‘The Lottery’ by Shirley Jackson

Shirley Jackson

The Lottery by Shirley Jackson, 1948

The magic trick:

The not-so-subtle criticism of conservative values

Yes, yes, I know the obvious trick here is Jackson’s use of foreshadowing and suspense to set up the shocking conclusion. And she really does write the textbook here on how to accomplish that trick. But what resonates on repeat reads? I’d argue it’s the fairly harsh criticism of blind conservatism.

Jackson doesn’t make it a primary point, but she definitely highlights throughout the story some of the older townspeople’s disdain for the new generation and their loss of respect for the old traditions, even as it becomes increasingly clear that this particular tradition is barbarous. And that’s quite a magic trick on Jackson’s part.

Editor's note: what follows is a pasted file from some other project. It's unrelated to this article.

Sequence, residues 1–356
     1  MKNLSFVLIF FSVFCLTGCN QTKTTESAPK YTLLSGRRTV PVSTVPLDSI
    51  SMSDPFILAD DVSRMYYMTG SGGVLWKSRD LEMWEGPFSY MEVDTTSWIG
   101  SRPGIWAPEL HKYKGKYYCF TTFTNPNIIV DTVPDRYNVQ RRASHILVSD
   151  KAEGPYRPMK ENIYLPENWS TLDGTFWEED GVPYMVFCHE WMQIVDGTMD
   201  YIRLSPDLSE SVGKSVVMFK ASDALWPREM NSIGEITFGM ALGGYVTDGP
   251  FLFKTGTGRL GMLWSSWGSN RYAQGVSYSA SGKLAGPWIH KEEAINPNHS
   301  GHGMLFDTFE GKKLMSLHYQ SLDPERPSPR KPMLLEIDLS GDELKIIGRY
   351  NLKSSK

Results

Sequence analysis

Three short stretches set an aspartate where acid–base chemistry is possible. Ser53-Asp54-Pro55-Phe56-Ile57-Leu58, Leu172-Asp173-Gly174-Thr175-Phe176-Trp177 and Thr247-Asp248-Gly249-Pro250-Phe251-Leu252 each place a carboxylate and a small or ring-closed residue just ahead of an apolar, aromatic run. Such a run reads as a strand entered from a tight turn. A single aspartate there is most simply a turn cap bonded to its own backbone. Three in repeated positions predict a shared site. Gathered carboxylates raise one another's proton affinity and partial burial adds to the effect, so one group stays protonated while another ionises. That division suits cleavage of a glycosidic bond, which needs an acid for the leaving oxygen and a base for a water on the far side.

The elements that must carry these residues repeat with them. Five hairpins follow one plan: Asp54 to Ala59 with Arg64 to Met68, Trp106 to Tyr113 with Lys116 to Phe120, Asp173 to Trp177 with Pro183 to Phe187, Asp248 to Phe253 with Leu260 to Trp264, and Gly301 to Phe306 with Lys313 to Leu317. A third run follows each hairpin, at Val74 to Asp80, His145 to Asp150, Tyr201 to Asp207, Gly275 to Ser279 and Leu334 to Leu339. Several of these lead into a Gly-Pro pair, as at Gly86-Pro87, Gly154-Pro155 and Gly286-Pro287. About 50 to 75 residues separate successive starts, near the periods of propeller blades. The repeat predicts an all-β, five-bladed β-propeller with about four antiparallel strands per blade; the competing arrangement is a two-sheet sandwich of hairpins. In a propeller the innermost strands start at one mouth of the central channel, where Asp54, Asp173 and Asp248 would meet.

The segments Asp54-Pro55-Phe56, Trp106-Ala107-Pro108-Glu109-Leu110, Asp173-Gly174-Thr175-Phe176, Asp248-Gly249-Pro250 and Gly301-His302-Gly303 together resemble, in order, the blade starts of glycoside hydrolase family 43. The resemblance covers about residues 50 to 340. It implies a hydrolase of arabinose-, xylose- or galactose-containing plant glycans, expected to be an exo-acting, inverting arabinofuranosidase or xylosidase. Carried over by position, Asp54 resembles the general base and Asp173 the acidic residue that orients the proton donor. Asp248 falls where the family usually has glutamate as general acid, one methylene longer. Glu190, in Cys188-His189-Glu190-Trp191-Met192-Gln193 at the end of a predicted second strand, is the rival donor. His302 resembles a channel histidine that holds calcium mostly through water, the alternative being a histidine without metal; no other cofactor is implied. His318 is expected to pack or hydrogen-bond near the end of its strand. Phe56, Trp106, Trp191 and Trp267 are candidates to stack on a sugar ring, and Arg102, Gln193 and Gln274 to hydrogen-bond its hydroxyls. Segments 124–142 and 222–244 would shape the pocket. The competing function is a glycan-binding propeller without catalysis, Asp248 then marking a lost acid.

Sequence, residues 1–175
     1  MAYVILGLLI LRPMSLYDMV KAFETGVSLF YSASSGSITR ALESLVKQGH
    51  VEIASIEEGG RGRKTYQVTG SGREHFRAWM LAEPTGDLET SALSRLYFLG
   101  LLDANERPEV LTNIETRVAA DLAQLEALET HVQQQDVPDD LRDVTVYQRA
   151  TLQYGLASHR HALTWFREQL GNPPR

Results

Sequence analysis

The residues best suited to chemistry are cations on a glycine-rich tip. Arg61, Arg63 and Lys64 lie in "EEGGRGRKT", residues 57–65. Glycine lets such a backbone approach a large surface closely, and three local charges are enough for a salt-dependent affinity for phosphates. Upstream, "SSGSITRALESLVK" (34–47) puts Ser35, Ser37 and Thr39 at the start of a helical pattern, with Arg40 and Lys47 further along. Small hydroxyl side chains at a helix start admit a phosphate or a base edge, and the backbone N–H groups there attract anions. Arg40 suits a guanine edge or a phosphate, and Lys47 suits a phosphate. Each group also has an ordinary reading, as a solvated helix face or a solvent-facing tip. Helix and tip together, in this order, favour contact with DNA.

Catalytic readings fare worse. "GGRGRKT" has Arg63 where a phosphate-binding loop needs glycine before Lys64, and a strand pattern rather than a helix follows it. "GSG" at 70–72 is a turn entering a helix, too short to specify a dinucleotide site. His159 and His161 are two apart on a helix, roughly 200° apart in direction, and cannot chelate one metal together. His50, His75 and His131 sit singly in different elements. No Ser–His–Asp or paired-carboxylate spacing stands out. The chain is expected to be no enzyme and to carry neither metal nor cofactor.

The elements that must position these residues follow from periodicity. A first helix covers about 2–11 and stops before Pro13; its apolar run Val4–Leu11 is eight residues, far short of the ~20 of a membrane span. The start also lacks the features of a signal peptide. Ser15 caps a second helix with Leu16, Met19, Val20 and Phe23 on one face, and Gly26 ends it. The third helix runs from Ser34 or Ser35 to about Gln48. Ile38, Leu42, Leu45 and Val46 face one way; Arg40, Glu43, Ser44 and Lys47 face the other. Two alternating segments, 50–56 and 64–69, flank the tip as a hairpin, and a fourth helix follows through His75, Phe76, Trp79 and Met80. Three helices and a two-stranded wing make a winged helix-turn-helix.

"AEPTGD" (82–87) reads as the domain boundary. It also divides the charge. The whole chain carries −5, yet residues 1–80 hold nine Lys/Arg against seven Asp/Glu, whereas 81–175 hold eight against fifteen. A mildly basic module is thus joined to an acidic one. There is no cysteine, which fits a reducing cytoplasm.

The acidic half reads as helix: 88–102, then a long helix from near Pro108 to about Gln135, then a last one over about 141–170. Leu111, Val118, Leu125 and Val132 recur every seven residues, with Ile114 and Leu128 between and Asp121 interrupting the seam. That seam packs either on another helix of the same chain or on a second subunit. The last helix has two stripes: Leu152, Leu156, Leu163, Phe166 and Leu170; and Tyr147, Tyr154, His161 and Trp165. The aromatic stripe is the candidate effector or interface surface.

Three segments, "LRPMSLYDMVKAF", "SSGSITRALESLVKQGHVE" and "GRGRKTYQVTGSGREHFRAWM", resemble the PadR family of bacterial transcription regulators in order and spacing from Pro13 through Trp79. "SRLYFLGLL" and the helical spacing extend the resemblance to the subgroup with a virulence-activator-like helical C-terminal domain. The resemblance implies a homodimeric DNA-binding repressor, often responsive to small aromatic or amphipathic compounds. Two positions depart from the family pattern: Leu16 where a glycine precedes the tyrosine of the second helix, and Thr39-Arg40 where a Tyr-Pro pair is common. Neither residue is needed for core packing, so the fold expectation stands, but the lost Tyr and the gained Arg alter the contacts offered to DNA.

The selection:

“Some places have already quit lotteries,” Mrs. Adams said.

“Nothing but trouble in that,” Old Man Warner said stoutly. “Pack of young fools.”


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